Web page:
Monday, January 30, 2012

Acting Without Orders.

There was an assault in the Civil War during which the Union army under General Ulysses S. Grant broke the line of Confederate forces with a spontaneous charge initiated without his order to do so.   Grant must have been astride his horse watching with binoculars, taken aback at the view of his troops exposing themselves to enemy fire without the prompt of his command. I read that in a history book.

Like those Yankee troops, nobody commands me to go to Ecuador.  Nor am I going to Ecuador to escape personal discontent or to somehow medicate painful feelings associated with awkward personal growth. My intent to visit Ecuador is in fact a good indication of health.

In last week’s blog post I wrote I wouldn’t mind staying in Ecuador solely to learn to speak Spanish fluently, even if I discovered I felt retiring there wasn’t an option. For instance, if I didn’t feel the necessary chemistry.  I still feel that way.  It would probably take only a year’s living in Ecuador---speaking only Spanish--- to learn to speak the language fluently. I could store my property.  I’d return to San Mateo and rent a motel room until I found a suitable new apartment.

But I’m going to adhere to the original plan. I’m pretty sure of it. There are ties that bind in the Bay Area that need to remain uncut, at least for the time being. A doctor from the Liver Clinic at the S.F. Veterans Administration Hospital explained last week that the clinic has noticed a drop in my red blood cell count. When I inquired about the most likely cause, he replied it could be any of a variety of what sounded like innocuous reasons, but he also mentioned some kind of deterioration of the ability of the bones to produce red blood cells. That part didn’t exactly register like a favorite rendition of Mozart’s music, but I refused to broach the subject and ask if this means if I could have some form of cancer. I do feel concerned.  They are ordering further tests and they told me they expect me to be on hand in September, after three months in Ecuador. I have Hepatitis C too, almost certainly contracted during the period in my early twenties when I was injecting drugs. Tests show the Hepatitis C isn’t damaging my liver, but I’d like to eradicate the virus all the same. The VA Hospital will provide the six month's treatment, and according to what I’ve been told, the success rate is 80 percent. If I do retire in Ecuador, it wouldn’t be until after receiving this treatment.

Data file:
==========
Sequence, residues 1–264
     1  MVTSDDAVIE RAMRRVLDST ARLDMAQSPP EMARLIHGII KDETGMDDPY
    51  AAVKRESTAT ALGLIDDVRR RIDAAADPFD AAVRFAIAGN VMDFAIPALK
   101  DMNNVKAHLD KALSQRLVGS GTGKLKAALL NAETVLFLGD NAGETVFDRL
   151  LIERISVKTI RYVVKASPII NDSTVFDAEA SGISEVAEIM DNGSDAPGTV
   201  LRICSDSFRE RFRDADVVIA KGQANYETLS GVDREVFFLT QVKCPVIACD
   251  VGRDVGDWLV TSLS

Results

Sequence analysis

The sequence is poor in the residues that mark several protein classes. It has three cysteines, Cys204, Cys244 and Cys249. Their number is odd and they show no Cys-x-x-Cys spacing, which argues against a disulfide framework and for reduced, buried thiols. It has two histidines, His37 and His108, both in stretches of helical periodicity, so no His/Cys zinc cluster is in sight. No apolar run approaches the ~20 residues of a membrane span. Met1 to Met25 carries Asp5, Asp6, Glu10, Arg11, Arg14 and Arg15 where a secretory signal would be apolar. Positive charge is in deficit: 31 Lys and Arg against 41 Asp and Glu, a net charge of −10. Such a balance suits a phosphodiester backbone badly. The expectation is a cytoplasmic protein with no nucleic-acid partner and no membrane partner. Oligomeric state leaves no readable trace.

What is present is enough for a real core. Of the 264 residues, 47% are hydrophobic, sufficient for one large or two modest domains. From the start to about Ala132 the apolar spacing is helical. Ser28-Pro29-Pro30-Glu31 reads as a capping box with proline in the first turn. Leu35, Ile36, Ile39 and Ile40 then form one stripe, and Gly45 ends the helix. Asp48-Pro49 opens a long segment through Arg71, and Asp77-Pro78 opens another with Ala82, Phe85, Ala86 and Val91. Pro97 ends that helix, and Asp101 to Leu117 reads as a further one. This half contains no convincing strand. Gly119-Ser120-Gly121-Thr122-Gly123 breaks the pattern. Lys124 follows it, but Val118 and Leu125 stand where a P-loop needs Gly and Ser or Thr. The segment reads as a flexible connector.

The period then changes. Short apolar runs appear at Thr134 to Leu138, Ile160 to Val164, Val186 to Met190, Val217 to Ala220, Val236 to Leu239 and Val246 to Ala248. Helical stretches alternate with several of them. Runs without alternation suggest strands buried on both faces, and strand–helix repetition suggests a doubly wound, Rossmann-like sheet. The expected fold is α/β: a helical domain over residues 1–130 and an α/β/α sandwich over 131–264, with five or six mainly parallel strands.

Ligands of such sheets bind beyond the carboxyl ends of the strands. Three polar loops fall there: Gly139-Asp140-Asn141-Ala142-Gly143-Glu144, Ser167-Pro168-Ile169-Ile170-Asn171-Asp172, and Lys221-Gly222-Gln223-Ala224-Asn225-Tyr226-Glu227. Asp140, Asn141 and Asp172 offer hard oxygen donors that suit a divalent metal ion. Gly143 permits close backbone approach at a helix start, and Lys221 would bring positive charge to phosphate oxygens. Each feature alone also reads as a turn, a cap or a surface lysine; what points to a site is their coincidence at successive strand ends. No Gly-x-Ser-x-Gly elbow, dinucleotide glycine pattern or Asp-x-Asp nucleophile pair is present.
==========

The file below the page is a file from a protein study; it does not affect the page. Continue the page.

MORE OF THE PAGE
I just need to exercise a degree of caution. After I get back, if I find I COULD live there, I ought to further ruminate and reflect. I ought to not rush into a hasty decision.  I ought to honestly and carefully balance the positives and negatives on the scale of what would realistically work best for me. Money is going to be a factor--- but I don’t know in the end how much of a factor. Certainly visiting Ecuador is going to change my perspective and after that happens I’ll be in a better position to decide.

I do want to add this final paragraph. I first read about the financial benefits of retiring in Ecuador about four months ago---I was astonished. I was astonished enough to decide to go there in person to investigate these claims and this country for myself.  This doesn’t mean I’m discontented.  It just means I don’t care for the prospect of needing to budget every single dime I get in my "old age".  If I had to do that, I’d accept the necessity, adjust expectation and live in contentment.  Where I live in the final analysis isn’t going to make me happy or sad. I’d say the same is true for anyone of us because those states of being are born from within.